Ch. 4

4.15a, 4.17a, 4.25a, 4.29a, 4.31a

R 9/6

 Chapter 4:

Discussion Lead: Jazz Curenton (Section 4.9)

Ch. 4

4.51 (just name any three elements that have one-letter chemical symbols), 4.52 (just name any three frequently encountered elements whose chemical symbols are the first two letters of their English names), 4.53a, 4.55a, 4.57a

T 9/11

                                                                             Chapter 5:

Discussion Lead: Tina Dang (Section 5.1-5.3)

Ch. 5

5.1, 5.3a, 5.5 (just classify the substance for 5.3a), 5.7 (just classify the substance for 5.3a), 5.9a

R 9/13

Chapter 5:

Discussion Lead: Jailynn Dawson (Sections 5.4-5.6)

Ch. 5

5.13a, 5.15a, 5.29a, 5.55a, 5.57a

T 8/18

Chapter 6:

Discussion Lead: Everett Dinkins (Sections 6.1-6.6)

Ch. 6

6.1a, 6.3a, 6.15a, 6.19a, 6.25a

R 9/20

Chapter 6 and Review

Discussion Lead: Obiny Drayton  (Sections 6.7-6.8)

Discussion Lead: Cori Jackson (Review Chapter 1 and Chapter main concepts)

Discussion Lead: Baylor Davis (Review Chapter 3 and Chapter 4 main concepts)

Discussion Lead: Nicollete Searles (Review Chapter 5 and 6 main concepts)

Ch. 6

6.29a, 6.51a

T 9/25


All Chapters since Day 1

R 9/27

Journal Article Day (Present your 1st Journal Article)

You should have a draft of your Writing Assignment.

Journal Article #1 Due

T 10/2

Chapter 7:

Discussion Lead: Ty Farmer (Sections 7.1-7.4)

Ch. 7

7.1a, 7.13a, 7.19a, 7.21a, 7.23a

R 10/4

Chapter 7:

Discussion Lead: Sandra Flores-Gomez (Sections 7.5-7.7)

Interim Grades Due 5pm

Ch. 7

7.33a, 7.49a, 7.55a, 7.59a, 7.63a

T 10/9

Chapter 8:

Discussion Lead: Grace German (Sections 8.1-8.3)

Ch. 8

8.1a, 8.7a, 8.21a, 8.45a, 8.49a

R 10/11

Chapter 8:

Discussion Lead: Kaliegh Hall (Sections 8.4-8.6)

Ch. 8

8.53a, 8.55a, 8.59a, 8.73a, 8.75a

T 10/16

Chapter 9:

Discussion Lead: Nicolette Searless (Sections 9.1-9.2)

Discussion Lead: Kimberly Johnson (Section 9.3)

                     Ch. 9

9.1, 9.3, 9.9a, 9.11a, 9.17a

R 10/18

Chapter 9:

Discussion Lead: Tiffany Lombardo (Sections 9.4-9.8)

Ch. 9

9.25a, 9.37a, 9.45a, 9.47 (just do the molar mass for the element Calcium Ca, 9.61a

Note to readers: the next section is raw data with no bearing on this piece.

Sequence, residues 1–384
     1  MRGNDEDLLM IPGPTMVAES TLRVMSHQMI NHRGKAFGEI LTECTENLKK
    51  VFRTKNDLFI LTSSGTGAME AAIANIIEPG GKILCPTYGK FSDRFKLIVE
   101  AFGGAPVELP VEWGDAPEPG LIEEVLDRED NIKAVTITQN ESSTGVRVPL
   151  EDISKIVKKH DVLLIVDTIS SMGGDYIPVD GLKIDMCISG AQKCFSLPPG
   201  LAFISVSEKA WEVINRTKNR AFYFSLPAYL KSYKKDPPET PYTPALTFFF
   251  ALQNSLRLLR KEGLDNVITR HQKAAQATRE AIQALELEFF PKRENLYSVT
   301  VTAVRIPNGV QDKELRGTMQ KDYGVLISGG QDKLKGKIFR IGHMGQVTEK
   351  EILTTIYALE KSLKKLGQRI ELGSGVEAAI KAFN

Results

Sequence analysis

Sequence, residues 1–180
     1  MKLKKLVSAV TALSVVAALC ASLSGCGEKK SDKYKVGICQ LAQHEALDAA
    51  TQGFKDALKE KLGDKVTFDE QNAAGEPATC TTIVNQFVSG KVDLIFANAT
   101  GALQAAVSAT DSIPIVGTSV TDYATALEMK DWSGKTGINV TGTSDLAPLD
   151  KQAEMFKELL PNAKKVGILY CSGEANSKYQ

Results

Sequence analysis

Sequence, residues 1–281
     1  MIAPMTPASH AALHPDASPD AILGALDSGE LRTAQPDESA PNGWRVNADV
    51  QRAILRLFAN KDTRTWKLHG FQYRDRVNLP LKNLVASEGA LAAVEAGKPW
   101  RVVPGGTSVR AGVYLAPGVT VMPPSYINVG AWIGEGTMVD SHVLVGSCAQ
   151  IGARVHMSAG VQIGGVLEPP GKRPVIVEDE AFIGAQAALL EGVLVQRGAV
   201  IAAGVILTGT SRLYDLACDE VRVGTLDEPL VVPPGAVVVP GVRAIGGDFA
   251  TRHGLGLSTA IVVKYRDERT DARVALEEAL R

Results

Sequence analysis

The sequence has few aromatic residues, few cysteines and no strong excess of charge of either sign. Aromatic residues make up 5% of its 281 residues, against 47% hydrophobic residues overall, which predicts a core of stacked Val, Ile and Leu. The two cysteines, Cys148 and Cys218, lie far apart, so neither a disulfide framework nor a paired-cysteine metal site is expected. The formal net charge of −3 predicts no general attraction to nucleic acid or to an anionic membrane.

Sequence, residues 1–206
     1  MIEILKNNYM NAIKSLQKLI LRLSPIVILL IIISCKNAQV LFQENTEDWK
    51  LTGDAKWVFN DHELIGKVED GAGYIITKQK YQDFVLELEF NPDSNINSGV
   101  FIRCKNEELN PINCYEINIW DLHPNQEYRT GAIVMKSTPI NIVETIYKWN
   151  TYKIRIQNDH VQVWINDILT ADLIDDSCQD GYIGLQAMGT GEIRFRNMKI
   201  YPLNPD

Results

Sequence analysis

Drop Deadline 10/19 5pm


T 10/23

Chapter 10:

Discussion Lead: Bryan Matthews (Sections 10.1, 10.2, 10.4, and 10.5)

Ch. 10

10.3, 10.9a, 10.13a, 10.15a, 10.61a

R 10/25

Chapter 10: and Review

Discussion Lead: David Mays (Section 10.11)

Discussion Lead: Trina Hill (all relevant Section/Lecture/Homework Material Since Exam 1)

Ch. 10

10.83, 10.93a, 10.99a, 10.103, 10.109

T 10/30

Exam 2

All Chapters Since Exam 1

R 11/1

Journal Article Day (Present your 2nd Journal Article)

Journal Article #2 Day

T 11/6

Chapter 11:

Kymani Moultrie (Sections 11.3, 11.9, and 11.17)

Ch. 11

11.7a, 11.23a, 11.27a, 11.39a, 11.99

R 11/8

Chapter 12:

Discussion Lead: Naomi Murphy (Sections 12.3, 12.4, 12.5, and 12.9)

Book appointment at the Writing Center for Writing Assignment.

Ch. 12

12.7a, 12.15a, 12.23a, 12.55a, 12.57a

T 11/13

Chapter 13:

Discussion Lead: Matt Prock (Sections 13.1, 13.2, 13.4, 13.8, 13.9)

                    Ch. 13

13.3a, 13.5a, 13.21a, 13.73a, 13.89

R 11/15

Chapter 14:

                        Discussion Lead: Alexis Pullin (Sections 14.1-14.4 and 14.10-14.11)

Ch. 14

14.1a, 14.15a, 14.23a, 14.79a, 14.89a

T 11/20

Chapter 15: (Sections 15.3-15.5)

Discussion Lead: Tori Sutton

Ch. 15

15.13a, 15.17a, 15.21a, 15.27a, 15.45a

R 11/22

Happy Thanksgiving – No Class

No Class

T 11/27

Discussion Lead: Keri Sanchez Sandoval (Review)

Problem-Solving Writing Assignment Due at beginning of class, need hard-copy!!!!!!



R 11/29

No Class Today: Instructor Available for Extra Office Hours in Office SIMS 109A 5-6:15pm




Final Exam Saturday 12-8-2018, 11:30am-2pm

All Chapters since Exam 2